Thursday, April 24, 2014

What I Learned From My 8th Graders About Discrimination

There will always be discrimination everywhere about everything because pointing out others’ differences masks people’s own insecurities.” -8th grade girl



The intensity of the themes in To Kill a Mockingbird can get pretty tough to handle when you’re reading it for the first time at 13 or 14 years old. This is why teaching the historical context is so important in order for our young adult readers to gain a better understanding of the novel. I was surprised, though, that I was the one who got a lesson about discrimination from an 8th grader’s perspective. These kids have such strong voices that need to be heard. This is why I’m sharing this teaching/learning experience with all of you.

One of the corresponding lessons in TKAM is learning about Black Tuesday, the Great Depression, the Dust Storm, and Jim Crow laws. We read a selection in our textbook about a list of segregation laws and how they were enforced. After reading, we discussed some issues that could help us connect how different characters in the novel may have felt during this time period. I thought some of their responses were insightful. It made me think of looking at the world through their eyes, so I asked a few critical thinking questions about their own views on discrimination. A couple of questions brought some very interesting responses.

1.       Do you feel there is discrimination at our school? In what ways?
2.       What has your experience with discrimination been? How has it made you feel?

  • ·          “I’m an athlete and in GT (Gifted and Talented – advanced level) classes. People think I suck at sports since they assume I’m a nerd.”
  • ·         “Just because I’m white, people automatically assume I’m wealthy.”
  • ·         “Some people think that all Muslims are terrorists. It upsets me because I wear the hijab, and some people judge us from that one thing.”
  • ·         “My personal experience with discrimination has to do with my race. I am Mexican, but have light skin, freckles, and I don’t speak Spanish. Many of the Hispanic students (and adults, too) say that I’m not a ‘true Mexican.’”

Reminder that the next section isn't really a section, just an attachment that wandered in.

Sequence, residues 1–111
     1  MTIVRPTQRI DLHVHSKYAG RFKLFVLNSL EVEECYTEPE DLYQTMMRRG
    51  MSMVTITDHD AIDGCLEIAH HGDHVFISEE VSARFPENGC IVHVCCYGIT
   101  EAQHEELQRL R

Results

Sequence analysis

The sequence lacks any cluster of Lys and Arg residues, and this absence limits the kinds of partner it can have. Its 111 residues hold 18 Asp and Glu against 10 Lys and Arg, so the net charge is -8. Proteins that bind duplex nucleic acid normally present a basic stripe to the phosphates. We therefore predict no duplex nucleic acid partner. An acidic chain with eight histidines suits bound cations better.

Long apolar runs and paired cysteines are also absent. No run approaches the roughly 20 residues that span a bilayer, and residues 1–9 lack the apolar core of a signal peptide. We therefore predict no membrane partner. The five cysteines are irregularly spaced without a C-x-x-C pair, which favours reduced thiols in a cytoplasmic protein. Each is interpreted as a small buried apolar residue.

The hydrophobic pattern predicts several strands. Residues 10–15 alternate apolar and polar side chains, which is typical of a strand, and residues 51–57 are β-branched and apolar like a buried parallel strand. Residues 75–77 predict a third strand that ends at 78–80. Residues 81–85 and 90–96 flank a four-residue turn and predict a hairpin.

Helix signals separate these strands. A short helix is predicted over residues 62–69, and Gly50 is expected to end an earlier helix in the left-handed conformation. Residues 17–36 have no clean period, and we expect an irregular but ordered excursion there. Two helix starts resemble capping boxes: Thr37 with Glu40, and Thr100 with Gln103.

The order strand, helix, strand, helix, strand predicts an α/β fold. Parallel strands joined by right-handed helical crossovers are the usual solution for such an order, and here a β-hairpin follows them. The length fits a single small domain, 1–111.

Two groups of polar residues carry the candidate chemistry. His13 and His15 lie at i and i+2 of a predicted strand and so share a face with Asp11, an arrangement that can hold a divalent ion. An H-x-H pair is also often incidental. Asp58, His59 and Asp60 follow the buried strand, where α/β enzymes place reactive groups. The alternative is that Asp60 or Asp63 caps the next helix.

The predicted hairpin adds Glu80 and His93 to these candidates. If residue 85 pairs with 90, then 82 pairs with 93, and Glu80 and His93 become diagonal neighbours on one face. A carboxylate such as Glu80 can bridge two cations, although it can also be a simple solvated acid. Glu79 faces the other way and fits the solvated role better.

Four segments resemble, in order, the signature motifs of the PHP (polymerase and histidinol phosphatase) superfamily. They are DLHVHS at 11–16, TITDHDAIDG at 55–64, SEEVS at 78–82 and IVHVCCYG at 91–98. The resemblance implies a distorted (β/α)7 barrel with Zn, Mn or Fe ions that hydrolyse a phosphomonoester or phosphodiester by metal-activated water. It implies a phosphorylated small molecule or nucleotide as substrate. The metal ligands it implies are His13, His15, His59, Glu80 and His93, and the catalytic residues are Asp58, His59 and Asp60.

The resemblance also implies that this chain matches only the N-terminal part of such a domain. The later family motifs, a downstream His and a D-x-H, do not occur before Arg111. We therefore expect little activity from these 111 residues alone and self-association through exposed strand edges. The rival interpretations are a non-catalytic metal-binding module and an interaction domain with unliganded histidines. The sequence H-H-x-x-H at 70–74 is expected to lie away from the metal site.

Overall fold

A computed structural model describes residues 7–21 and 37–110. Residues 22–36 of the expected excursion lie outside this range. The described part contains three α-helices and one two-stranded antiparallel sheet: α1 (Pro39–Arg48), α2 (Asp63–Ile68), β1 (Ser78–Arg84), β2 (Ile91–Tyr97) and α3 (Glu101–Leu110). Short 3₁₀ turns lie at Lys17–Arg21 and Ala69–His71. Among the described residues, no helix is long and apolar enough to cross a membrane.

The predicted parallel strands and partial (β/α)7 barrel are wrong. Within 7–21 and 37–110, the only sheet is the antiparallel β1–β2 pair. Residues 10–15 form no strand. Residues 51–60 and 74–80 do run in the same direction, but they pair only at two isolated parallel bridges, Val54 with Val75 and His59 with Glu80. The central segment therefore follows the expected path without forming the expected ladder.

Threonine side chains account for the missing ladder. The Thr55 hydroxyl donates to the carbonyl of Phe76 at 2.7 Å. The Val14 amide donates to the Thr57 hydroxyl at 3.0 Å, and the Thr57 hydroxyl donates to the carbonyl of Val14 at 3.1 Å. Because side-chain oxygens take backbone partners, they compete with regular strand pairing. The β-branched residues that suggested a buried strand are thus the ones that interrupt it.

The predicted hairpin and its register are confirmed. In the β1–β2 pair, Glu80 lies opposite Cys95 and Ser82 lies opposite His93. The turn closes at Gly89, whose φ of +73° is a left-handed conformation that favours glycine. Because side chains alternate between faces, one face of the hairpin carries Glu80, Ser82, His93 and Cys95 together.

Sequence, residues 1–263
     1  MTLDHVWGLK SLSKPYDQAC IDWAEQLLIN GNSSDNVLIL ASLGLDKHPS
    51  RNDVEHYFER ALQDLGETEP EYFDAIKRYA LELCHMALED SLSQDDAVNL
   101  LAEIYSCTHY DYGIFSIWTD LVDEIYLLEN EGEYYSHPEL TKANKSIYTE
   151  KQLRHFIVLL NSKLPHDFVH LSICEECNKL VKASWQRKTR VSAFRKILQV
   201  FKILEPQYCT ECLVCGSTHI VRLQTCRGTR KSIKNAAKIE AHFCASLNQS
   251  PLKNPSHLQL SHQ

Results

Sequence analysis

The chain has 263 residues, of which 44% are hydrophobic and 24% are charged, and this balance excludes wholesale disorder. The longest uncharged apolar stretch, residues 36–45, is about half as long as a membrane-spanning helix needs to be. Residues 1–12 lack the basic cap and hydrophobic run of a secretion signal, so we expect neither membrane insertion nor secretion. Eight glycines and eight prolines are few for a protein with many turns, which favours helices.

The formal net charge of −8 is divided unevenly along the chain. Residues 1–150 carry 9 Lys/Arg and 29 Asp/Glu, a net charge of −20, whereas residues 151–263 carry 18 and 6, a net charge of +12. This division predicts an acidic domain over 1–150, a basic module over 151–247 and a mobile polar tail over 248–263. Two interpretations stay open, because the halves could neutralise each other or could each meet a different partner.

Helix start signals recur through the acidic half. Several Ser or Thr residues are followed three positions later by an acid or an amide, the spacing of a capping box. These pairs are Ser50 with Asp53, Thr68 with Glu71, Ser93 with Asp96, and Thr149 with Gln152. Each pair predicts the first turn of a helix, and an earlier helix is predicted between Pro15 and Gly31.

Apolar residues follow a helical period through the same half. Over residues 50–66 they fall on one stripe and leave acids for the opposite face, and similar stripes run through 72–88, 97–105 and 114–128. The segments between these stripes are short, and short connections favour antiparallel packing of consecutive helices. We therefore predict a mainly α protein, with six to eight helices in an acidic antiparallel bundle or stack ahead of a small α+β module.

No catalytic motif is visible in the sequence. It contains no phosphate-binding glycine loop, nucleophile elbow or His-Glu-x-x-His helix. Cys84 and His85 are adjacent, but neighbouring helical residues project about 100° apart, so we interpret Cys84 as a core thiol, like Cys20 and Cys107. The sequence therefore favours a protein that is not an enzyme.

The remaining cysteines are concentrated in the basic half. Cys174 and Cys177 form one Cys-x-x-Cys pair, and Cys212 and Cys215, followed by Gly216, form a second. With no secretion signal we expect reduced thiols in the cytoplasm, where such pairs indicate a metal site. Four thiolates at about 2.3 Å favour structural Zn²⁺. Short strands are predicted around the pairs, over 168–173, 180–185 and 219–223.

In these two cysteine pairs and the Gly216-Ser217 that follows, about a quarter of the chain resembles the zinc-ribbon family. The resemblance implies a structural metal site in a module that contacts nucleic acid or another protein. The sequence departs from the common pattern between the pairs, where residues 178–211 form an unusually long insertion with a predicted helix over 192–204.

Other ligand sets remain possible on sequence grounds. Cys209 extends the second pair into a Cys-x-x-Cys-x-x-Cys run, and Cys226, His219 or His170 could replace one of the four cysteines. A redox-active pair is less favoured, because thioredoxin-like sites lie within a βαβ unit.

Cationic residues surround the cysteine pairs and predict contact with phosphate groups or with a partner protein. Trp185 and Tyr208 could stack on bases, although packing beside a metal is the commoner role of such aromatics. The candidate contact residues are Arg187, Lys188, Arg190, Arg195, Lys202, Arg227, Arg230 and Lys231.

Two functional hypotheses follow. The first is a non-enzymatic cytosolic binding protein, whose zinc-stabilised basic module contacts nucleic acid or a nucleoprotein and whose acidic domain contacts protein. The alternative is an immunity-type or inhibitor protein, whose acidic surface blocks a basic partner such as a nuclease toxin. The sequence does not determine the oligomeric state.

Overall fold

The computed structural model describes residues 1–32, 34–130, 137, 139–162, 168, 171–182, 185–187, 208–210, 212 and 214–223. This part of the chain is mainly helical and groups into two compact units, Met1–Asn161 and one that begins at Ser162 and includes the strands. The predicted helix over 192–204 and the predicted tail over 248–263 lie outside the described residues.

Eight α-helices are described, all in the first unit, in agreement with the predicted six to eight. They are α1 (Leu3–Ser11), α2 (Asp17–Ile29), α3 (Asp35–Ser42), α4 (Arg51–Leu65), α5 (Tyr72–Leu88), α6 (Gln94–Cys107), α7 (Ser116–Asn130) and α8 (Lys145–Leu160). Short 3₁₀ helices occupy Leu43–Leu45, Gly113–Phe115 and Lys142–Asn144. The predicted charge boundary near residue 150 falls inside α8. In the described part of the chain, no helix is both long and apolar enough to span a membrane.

• ·         “Some students think I’m the smartest person in class because I’m Asian, but I’m really not that smart.”
  • ·          “I have been discriminated against based on my sexual identity, musical choices, intelligence level, and favorite hobbies.”
  • ·         “I have been discriminated against when I went through a voice change in 6th grade. People made fun of my high voice. Now I’m the choir manager for my Advanced Choir group.”


·        This one is a personal favorite of mine:
“There will always be discrimination everywhere about everything because pointing out others’ differences masks people’s own insecurities.”

This girl is so right! Discrimination exists because people believe they are superior to others. Not only that, but it’s obvious to this young teen that narrow mindedness prevents any progress to the development of positive social change.  

What this girl said about discrimination really embraces one of the major themes in the novel. It even sounds like what Scout would say reflecting on how her father would pass on his moral values to her:
 “Atticus was right. One time he said you never really know a man until you stand in his shoes and walk around in them.” ~To Kill a Mockingbird

Thank you, my dear GT 8th graders in English I, for teaching me what it truly means to "stand in borrowed shoes."
 
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